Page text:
An owner whose home was in foreclosure listed his property for sale with a real estate broker. An investor contacted the owner directly and agreed to save the property from foreclosure by taking title, paying the loan balance in full, then returning title upon the owner’s repayment of all costs he incurred plus a fee. The owner contacted his broker and discussed the arrangements. The broker confirmed the terms with the investor and prepared a purchase agreement at a price which covered the mortgage and all fees and charges on a sale of the property. The broker did not include documentation memorializing the terms of the investor’s return of title to the owner, but promised to do so at a later date. The document was never prepared and the escrow based on the purchase agreement closed. The investor resold the property within six months to a bona fide purchaser at a sales price one third more than his costs of acquisition. After three years but within four years from the date of the investor’s resale, the owner sought to recover his lost equity from the broker claiming the broker breached the duty of care owed to the owner as a client for failure to prepare the proper documents to preserve the owner’s right to recover title. The broker claimed the owner’s action was time-barred from recovery by a three-year statute of limitations for intentional misrepresentation since the owner filed action more than three years after he incurred losses due to the broker’s misrepresentation of his intentions to prepare the proper documents. A California court of appeals held a broker who promises and fails to prepare the proper documentation for a real estate transaction resulting in money losses for his client has breached his fiduciary duty and is not shielded by a three-year statute of limitations since it is the four-year statute of limitations for breach of fiduciary duty that applies for failure to act as agreed and in his client’s best interest. [Thomson v. Canyon (2011) 198 CA4th 594]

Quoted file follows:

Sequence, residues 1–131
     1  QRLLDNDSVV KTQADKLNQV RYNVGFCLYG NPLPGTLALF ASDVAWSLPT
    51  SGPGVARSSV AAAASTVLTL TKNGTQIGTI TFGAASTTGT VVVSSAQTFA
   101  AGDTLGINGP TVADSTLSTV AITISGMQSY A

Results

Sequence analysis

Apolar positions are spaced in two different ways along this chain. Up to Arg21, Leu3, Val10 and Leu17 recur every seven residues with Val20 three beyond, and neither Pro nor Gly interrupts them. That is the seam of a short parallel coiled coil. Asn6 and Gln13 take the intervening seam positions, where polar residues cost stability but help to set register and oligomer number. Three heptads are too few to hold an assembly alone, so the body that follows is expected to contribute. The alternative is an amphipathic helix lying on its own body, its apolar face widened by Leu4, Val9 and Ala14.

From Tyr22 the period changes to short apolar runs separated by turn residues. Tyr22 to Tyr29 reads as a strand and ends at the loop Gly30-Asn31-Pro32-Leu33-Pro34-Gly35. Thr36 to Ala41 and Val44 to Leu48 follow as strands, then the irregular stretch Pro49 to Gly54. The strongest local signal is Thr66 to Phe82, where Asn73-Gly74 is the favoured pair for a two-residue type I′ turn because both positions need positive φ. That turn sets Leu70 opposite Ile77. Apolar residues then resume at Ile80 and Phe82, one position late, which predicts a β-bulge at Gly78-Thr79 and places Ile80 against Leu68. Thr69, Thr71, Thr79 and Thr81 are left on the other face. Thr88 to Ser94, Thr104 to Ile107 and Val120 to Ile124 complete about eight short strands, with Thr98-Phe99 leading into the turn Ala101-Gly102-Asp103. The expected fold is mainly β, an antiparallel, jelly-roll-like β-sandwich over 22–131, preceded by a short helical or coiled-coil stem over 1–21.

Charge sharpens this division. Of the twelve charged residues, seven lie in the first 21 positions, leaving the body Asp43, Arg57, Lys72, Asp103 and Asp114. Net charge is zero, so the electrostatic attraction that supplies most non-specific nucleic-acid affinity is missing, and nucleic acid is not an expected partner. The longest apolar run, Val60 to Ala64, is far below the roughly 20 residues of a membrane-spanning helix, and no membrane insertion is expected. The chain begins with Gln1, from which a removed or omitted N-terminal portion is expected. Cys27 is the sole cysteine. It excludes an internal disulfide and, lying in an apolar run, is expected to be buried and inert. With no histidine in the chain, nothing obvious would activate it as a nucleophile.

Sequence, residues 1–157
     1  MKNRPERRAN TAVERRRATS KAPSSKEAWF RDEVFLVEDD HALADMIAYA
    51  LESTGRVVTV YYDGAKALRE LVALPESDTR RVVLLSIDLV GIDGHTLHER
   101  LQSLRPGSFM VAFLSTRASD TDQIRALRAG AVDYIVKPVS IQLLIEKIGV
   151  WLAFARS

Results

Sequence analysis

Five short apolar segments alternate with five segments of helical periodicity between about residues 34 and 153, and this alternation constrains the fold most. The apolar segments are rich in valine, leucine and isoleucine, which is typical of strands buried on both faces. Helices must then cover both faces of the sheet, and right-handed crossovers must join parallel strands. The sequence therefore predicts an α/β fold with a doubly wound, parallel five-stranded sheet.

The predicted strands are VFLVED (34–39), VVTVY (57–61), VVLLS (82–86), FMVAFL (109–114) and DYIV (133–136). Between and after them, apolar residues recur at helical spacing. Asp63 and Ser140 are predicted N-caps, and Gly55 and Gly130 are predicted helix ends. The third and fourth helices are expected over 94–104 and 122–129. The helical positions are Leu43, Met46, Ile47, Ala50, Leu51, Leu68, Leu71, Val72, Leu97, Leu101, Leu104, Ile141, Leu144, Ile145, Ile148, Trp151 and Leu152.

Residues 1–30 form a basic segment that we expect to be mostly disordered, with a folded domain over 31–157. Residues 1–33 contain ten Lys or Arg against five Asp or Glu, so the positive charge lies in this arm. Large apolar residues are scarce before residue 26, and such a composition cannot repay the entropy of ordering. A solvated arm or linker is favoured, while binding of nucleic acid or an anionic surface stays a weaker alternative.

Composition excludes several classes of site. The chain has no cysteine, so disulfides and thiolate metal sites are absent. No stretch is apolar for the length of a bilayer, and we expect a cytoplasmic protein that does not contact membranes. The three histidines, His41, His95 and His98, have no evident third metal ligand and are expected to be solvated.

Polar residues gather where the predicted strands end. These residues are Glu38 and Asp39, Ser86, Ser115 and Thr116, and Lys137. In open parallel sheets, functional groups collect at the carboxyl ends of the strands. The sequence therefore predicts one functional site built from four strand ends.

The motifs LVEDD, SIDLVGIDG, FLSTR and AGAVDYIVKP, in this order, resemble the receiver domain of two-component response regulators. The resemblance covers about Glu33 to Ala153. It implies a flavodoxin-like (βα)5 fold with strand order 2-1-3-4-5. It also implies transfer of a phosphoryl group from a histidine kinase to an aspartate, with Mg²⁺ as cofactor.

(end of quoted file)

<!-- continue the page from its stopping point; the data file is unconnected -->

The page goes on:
Editor’s note — For a detailed analysis of this case and other statutes of limitations affecting real estate agents and brokers, see the October 2011 first tuesday article, As time passes, stale claims crumble away and the December 2011 first tuesday article, Know your limitations, don’t be SOL.